How Rational Is Ignorance?

So, as is my custom, I start most days with a cup of coffee and the New York Times (followed by WSJ, Axios, WaPo, Watchville, Drudge, texts, emails and various flotsam and jetsam). As soon as I do, the funnel of rational ignorance kicks in. Here’s why.

We are deluged with information today. In the Times alone, today’s story count is 83, ranging from “Brazil’s Armed Forces Chief Resigns Abruptly in Cabinet Shake-Up” to “Shake Up Your Evening Cocktail With Some Honey.” Both stories are about shake-ups, but guess which one I’m going to read first. That’s rational ignorance in action.

The Gold Rush: 2 oz. bourbon, 3/4 oz. fresh lemon juice, 3/4 oz. honey syrup; shake and pour over rocks

Rational ignorance is a term coined by Anthony Downs in “An Economic Theory of Democracy.” It’s the act of refraining from acquiring knowledge when the supposed cost of educating oneself on an issue exceeds the expected potential benefit that the knowledge would provide. Under the theory of rational ignorance, why on earth would I spend 10 minutes reading about the Brazilian cabinet shake-up when I can learn the recipe for a Gold Rush? I only have so many minutes in the day!

It’s often said, especially among Western Europe, that Americans are stupid. Despite the fact that we invented the telephone, the television and telemarketing (OK, maybe that last one proves the Europeans are right). But Americans aren’t stupid, we’re just rationally ignorant. We approach our knowledge-gathering like just-in-time inventory. Just tell me what I need to know, when I need to know it. We’re pragmatic that way.

This is your brain on the internet

But something happened over the past decade that is a little troubling. Rational ignorance has metastasized. We are being deluged with information. The average American consumes about 34 gigabytes of data and information each day, an increase of about 350 percent over nearly three decades, according to a report out of UC San Diego. That daily feed totals about 100,000 words, both those read in print and on the Web as well as those heard on TV and radio. By comparison, Tolstoy’s “War and Peace” contains about 460,000 words. In the aggregate in 2008, the report said Americans consumed 3.2 zettabytes of information. If you write that out, it’s 1,000,000,000,000,000,000,000 bytes. A single zettabyte is equivalent to 100 billion copies of all the books in the Library of Congress. That was in 2008. Imagine what the size of the information feed is now.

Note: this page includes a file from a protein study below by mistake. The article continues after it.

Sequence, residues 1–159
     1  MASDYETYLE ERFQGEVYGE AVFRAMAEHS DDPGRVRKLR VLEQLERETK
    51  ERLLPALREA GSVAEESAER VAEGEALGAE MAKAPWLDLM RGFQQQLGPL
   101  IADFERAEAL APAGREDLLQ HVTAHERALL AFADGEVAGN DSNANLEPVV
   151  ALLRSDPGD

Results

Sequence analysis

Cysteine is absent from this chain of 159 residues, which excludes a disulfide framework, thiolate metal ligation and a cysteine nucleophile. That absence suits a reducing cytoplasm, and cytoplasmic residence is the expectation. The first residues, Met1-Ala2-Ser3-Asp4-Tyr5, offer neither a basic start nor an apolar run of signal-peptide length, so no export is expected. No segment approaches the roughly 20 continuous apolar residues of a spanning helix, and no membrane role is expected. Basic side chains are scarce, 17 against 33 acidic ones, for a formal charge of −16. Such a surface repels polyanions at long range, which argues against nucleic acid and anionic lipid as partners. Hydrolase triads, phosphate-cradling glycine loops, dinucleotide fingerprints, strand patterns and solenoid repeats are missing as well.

Neal Stephenson wrote a terrific sci-fi book called “The Fall; or, Dodge in Hell,” about resurrecting people in a digital afterlife. In this future, people have multiple streams of information coming in from multiple internets (yes, there are multiple internets in this future). The flow of information is so ferocious that people hire other people to curate their feeds.

We’re starting to do that now.

It’s difficult to deal with this information flow, so we look for ways to simplify it. Some of it is necessary, but at times it can trend toward overreaction. We only read one or two publications that agree with our way of thinking, then we resort to strict party-line bloc voting, and eventually we summarily dismiss new ideas and generally ignore novelty as a distraction. Instead of curating, we simply shut down. There’s some comfort in that. It reduces anxiety and opens up space for more pleasurable activities, like researching new cocktail recipes.

But this can also be a bad thing. When we over-curate, our field of perspective narrows and slowly we lose the capacity for imagination. When our imagination is restricted, we lose the ability to empathize. And over time, our ability to conduct civil discourse, which rests on imagination and empathy, starts to break down. One result of this breakdown is that the open exchange of ideas is replaced by moral condemnation of the other side; we simply don’t want to invest the time in dialogue so we shut it down with judgment. We’re seeing that now. It’s not good.

Let’s use a practical example. President Biden has proposed a massive infrastructure bill, a concept that enjoys broad popular support. To finance it, he’s proposing to raise corporate income taxes from 21 percent to 28 percent, about a 30 percent increase. I’m a free-market guy, so my inclination is to dismiss this idea as dumb and destructive; it will simply make America less competitive in the global economy. But I could also stop for a moment and ask the proponents for some modeling data on why they think this would work. We can test the data, add some variables, and see where we come out. Of course, in this dialogue, I have the opportunity to make my case for the rising tide of free markets. In the process we might arrive at a wholly different conclusion.

What if I listen to the thesis instead of just reading the headline? Maybe there is something to learn.

Which, of course, leads us back to rational ignorance. Do I really have the time to devote to researching the pros and cons of the corporate income tax when I could be drinking a Gold Rush and listening to the new Lana Del Rey album? Maybe I should just go with my gut feeling that all tax increases are bad and get on with my life.

But maybe, when challenged with a new idea or an idea that seems wrong, we can take a breath and ask “what if?” What if I ask a few questions and look at this in a new way? What if I listen to the thesis instead of just reading the headline? Maybe there is something to learn.

The process itself may not lead us to change our minds, but there’s a good chance we’ll come out with a different perspective — a little more informed and perhaps with a little more respect for the intention of the other side. We’ll climb up the evolutionary ladder from rational ignorance to rational dialogue.

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